An executive whose previous firm advised homeowners looking to walk away from their mortgages says credit unions and other financial institutions should consider many of those same homeowners as potential new mortgage borrowers.
Jon Maddux is founder and former CEO of YouWalkAway.com, a website that provided advice and counsel to homeowners who were seeking to abandon mortgages that had come to cost far more than their underlying real estate was worth.
Maddux has left daily operation of YouWalkAway.com but has started a similar site, AfterForeclosure.com, which advises consumers who lost homes to foreclosures and short sales to get back into the housing market.
Unlike YouWalkAway.com, which was subscription based, AfterForeclosure.com is free, and Maddux said he launched it after numbers of former clients of YouWalkAway had sought information about they could purchase another home.
YouWalkAway had between 7,000 and 8,000 clients, and the firm determined that, far from being averse to the mortgage market, almost 80% of its former clients surveyed expressed a desire to purchase another home within a year after losing the first one in a foreclosure, short sale or deed in lieu of foreclosure.
The company has launched an application that contains a survey that aims to help homeowners who have lost their previous get a better understanding of when and under what conditions they might be able to rejoin the housing market.
“There needs to be a way for people to easily see if they are eligible to buy again,” Maddux in a prepared statement about the application. “Millions have experienced the unfortunate event of foreclosure but that does not mean that they should be discouraged from becoming homeowners again in a more stable environment or that they should be disqualified from doing so. With historically low interest rates, mortgage payments often rival rental rates. The ability to lock in these reduced rates puts more money in consumer pockets and, ultimately, lends to overall recovery. It’s a win-win and its accessibility needs to be made clear.”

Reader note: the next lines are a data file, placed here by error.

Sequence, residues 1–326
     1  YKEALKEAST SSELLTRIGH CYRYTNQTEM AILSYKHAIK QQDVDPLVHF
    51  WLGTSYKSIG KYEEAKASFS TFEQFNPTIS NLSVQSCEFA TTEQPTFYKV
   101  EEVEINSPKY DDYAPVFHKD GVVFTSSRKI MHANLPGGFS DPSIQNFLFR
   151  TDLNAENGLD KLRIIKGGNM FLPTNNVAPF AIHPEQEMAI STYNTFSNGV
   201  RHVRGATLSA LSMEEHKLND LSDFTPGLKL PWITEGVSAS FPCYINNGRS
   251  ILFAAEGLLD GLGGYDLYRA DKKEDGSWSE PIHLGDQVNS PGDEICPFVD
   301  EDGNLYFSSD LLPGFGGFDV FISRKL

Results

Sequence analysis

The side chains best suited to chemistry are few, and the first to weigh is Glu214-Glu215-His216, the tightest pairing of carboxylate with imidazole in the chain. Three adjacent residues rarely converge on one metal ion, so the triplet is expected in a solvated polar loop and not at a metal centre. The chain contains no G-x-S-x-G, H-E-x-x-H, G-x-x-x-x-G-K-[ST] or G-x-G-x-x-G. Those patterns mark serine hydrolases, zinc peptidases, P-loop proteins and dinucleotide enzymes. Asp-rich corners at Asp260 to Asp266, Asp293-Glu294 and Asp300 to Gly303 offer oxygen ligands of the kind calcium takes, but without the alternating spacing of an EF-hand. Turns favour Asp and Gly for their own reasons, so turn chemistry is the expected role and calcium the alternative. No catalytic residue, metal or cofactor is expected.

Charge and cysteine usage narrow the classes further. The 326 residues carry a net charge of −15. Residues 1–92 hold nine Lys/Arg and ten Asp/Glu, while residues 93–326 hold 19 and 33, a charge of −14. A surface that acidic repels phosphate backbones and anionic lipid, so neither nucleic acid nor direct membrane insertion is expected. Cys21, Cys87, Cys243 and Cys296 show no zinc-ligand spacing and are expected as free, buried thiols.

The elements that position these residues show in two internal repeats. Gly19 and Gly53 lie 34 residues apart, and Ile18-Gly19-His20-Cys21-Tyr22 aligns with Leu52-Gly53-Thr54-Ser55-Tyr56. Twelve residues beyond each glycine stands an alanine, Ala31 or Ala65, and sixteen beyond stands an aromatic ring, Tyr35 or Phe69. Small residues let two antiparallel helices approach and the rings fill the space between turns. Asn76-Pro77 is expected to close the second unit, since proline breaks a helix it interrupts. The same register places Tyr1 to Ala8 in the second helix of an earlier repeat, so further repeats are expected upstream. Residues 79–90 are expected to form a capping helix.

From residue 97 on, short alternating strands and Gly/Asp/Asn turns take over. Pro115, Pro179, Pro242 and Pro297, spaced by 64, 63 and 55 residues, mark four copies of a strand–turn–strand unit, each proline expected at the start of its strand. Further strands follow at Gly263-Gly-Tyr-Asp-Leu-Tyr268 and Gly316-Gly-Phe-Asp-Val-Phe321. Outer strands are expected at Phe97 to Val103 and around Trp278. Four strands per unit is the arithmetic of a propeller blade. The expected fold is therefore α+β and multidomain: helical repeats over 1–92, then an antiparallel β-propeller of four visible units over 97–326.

The firm said the application has already had about 2,000 downloads and, of those, about 30% to 40% of users are discovering they could re-enter the market.
“It is important to note the primary reason why buyers don’t pass is because they haven’t had enough time pass since the foreclosure or short sale,” wrote Bethany Branscum
director of operations for the firm in response to a question about the application. “Most borrowers need at least 36 months after the foreclosure and 24 months after the short sale in order to pass the app,” she added.
Further, Daren Blomquist, vice president at RealtyTrac, a firm which tracks foreclosure statistics reported that should credit unions want to start reaching out to formerly foreclosed borrowers, they would find a population of roughly 7.1 million people with a steadily growing percentage of them eligible to enter the market as their waiting periods expire.
Fannie Mae and Freddie Mac have rules that preclude a borrower who has had a foreclosure from obtaining a mortgage for seven years, but the Federal Housing Administration will insure a mortgage loan with a formerly foreclosed borrower after only three years, and Maddux said that should enable a credit union to sell the loan.
And Maddux pointed out that many of these borrowers are in good financial condition. Many have taken to money they had previously deployed in mortgage payments and used it to both pay other bills on time and also pay down other debts, strengthening their scores from the credit bureaus.
Maddux maintained that many of these consumers are not necessarily bad credit risks and should not be penalized solely for their foreclosures. “If they have a long history of making their other payments on time, they are not deadbeats,” he said.